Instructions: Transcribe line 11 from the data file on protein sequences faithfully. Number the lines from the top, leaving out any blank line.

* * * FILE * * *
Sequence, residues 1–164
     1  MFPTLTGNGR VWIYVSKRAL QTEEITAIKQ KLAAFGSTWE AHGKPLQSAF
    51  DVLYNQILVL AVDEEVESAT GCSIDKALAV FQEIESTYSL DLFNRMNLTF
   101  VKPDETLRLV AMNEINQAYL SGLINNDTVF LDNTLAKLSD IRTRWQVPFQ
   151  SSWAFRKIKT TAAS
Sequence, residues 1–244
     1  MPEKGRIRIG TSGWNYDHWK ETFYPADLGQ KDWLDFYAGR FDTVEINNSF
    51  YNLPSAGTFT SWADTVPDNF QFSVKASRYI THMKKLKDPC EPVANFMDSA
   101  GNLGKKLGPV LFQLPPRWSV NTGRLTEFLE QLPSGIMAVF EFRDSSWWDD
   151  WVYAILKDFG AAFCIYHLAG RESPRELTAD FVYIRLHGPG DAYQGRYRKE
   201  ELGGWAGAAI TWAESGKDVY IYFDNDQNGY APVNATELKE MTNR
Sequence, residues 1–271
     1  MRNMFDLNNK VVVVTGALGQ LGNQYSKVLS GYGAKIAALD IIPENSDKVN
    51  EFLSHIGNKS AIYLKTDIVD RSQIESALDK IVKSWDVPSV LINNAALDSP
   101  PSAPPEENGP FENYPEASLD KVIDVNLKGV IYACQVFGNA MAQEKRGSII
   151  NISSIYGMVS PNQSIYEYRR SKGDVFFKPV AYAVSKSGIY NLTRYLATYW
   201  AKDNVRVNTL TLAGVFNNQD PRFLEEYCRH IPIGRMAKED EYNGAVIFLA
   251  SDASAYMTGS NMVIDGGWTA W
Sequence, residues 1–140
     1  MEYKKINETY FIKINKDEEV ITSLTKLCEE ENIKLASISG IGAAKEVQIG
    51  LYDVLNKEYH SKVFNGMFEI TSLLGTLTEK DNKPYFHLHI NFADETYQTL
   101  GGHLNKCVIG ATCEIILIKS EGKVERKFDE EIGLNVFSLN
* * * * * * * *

   201  ELGGWAGAAI TWAESGKDVY IYFDNDQNGY APVNATELKE MTNR